All outcomes were recorded into binary variables where required. Analyses were carried out for all these outcomes at baseline; longitudinal analyses were carried out for the gynecological complaints, mental health outcomes and STI, excluding women who already had these health outcomes at baseline. Thus the outcomes represent new/incident cases. First, univariate analyses were carried out to assess the association between each type of spousal violence (during the lifetime and in the past three months) and each health outcome. Second, we used logistic regression to adjust for our a priori confounders (age, literacy, household per capita income) in the association between spousal violence and health outcomes. Odds ratios and 95% confidence intervals are presented to estimate the association between spousal violence and health outcomes. Logistic regression was used for these analyses in Stata (Version 10).
The study received ethical approval from the ethical committee of the London School of Hygiene and Tropical Medicine, and from the Independent Ethics Commission, Mumbai (India); there was no institutional review board in the primary Goan implementing organization at the time the study was conducted. All participants were offered free care by the study gynecologists and psychologists, as appropriate. Referrals were made to the psychiatrist (VP) when necessary.
Of the 3000 women selected for the study, 2494 (83.1%) consented to participate and were assessed at baseline. Of the 506 women who refused to participate, nine had agreed to the interview but refused the collection of biological samples. On multivariate analysis we found the following variables were independently associated with refusal to participate: higher education, Christian religion, being an ethnic Goan, and being single. The commonest reasons cited for refusal to participate were lack of interest in the study, refusal of permission by family members to participate, concerns about damage to the hymen by vaginal swabs in unmarried girls and having to attend work daily therefore lack of time. A community outreach worker involved in the study liaised with government health workers to approach those who refused to participate and attempted to further explain the study and its aims to them. For the purpose of this paper, we included only the 1750 women who were married at the time of recruitment in our analyses. The characteristics of the recruited sample have been described elsewhere . Of the 1750 married women, majority were Hindu (73%), homemakers (76%) and literate (83%); the mean age was 35.37 years (sd 6.6). Most participants lived in homes that belonged to the family (87%). Less than half the homes had a toilet or piped water. More than half of the households had a monthly income below Rs 3000 and more than a third were in debt. We were able to obtain longitudinal data on 90% of women (n=1563).
[Table 1] shows the prevalence of each type of spousal violence and the common health outcomes recorded at baseline and the 12-month incidence of selected health outcomes. Out of 1750 women, 290 (16.6%; 95%CI=14.9-18.4) reported one or more form of lifetime spousal violence and 230 (13%; 95%CI=11.6-14.8) reported one or more form of spousal violence in the past three months. Verbal violence was the most common, followed by physical and sexual violence. Dysmenorrhea, low BMI and anemia were the most frequent health problems observed at baseline while non-menstrual abdominal pain was the commonest health problem that developed during the 12-month study period.
Lifetime exposure to any type of violence was associated with increased risk of a range of self-reported gynecological complaints at baseline [Table 2], though associations were not consistent for all outcomes. Thus, for example, dysmenorrhea was only associated with lifetime sexual violence. After adjustment, all types of violence (lifetime and recent) were independently associated with dyspareunia. Verbal and sexual violence (lifetime and recent) were associated with non-menstrual lower abdominal pain and abnormal vaginal discharge.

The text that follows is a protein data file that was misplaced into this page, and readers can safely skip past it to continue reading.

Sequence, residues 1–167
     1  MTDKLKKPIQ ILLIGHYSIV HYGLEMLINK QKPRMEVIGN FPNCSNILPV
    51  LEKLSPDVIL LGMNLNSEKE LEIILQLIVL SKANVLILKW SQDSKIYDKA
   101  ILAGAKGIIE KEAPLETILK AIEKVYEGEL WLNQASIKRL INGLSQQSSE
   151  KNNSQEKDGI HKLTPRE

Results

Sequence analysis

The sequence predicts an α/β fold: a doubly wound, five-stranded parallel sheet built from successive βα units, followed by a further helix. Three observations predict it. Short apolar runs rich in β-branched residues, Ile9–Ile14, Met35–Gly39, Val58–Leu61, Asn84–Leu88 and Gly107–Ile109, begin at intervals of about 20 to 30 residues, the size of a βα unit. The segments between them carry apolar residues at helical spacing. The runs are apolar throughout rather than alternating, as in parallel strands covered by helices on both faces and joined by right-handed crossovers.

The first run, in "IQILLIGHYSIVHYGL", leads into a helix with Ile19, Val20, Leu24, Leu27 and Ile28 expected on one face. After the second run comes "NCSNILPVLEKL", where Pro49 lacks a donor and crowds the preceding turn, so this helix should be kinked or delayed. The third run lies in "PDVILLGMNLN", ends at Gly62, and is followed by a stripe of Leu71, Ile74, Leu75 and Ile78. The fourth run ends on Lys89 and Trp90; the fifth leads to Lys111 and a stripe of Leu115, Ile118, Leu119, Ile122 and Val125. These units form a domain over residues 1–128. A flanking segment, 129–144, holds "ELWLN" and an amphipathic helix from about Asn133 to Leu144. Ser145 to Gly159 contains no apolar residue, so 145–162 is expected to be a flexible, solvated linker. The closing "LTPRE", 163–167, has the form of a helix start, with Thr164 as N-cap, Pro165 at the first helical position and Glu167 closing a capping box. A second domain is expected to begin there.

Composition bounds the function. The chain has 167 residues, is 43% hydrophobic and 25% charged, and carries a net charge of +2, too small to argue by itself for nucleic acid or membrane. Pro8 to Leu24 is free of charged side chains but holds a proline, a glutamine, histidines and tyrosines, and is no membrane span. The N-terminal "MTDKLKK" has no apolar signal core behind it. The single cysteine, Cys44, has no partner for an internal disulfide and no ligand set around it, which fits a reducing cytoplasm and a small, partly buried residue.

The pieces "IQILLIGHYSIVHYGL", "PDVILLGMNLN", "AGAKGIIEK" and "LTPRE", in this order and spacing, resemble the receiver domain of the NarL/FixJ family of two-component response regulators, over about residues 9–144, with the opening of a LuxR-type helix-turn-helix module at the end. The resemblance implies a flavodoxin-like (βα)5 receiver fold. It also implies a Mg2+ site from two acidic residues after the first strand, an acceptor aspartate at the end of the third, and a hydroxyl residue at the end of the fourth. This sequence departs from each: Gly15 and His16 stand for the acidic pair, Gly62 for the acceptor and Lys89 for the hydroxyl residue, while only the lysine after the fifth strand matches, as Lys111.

All types of violence, either lifetime or in the past three months, were found to be strongly associated with depressive disorder and attempted suicide; these associations remained strong after adjustment for confounders (OR between 3.36 to 6.41, for depression; OR between 2.93 to 7.21, for attempted suicide) [Table 3]. In addition, both verbal and physical violence (lifetime and recent) were found to increase the risk of low BMI but not anemia or STI.
The longitudinal analyses [Table 4] and [Table 5] found that spousal violence recorded at baseline increased the subsequent risk of dysuria, STI and attempted suicide. Dysuria was associated only with lifetime physical violence, STI only with sexual violence (both lifetime and recent) and attempted suicide with physical and sexual violence (both lifetime and recent). These associations remained statistically significant after adjustment for confounders. None of the other outcomes we assessed (depressive disorder and other self-reported gynecological complaints) showed an association with any of the violence exposures.
We describe the association between spousal violence and a broad range of women's health problems, spanning both self-reported complaints and biomedical diagnoses related to nutritional status, reproductive and sexual health and mental health. We tested the hypothesis that spousal violence is a risk factor for these outcomes through analyses of cross-sectional and longitudinal data collected from married women aged 18 to 50 years in a population-based cohort study in Goa, India. About one in six married women in our sample experienced spousal violence at some point in their life; about 80% of these women also experienced recent violence (in the three months prior to recruitment). Although spousal violence was associated with a number of adverse health outcomes in cross-sectional analyses, the strengths of these associations were attenuated on adjustment for sociodemographic confounders. Furthermore, on longitudinal analyses, the associations between spousal violence and health outcomes were restricted to sexually transmitted infections and attempted suicide.